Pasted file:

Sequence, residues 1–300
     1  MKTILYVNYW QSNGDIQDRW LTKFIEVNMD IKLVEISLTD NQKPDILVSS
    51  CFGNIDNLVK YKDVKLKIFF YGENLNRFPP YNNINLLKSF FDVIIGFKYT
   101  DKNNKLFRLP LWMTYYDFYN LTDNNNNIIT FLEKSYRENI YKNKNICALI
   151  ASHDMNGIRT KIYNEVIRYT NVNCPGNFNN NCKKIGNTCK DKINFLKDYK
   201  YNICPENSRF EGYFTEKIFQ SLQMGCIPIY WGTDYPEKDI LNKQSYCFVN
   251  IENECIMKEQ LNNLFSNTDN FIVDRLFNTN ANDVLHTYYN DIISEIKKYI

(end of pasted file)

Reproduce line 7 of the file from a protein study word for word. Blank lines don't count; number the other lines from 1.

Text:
   251  IENECIMKEQ LNNLFSNTDN FIVDRLFNTN ANDVLHTYYN DIISEIKKYI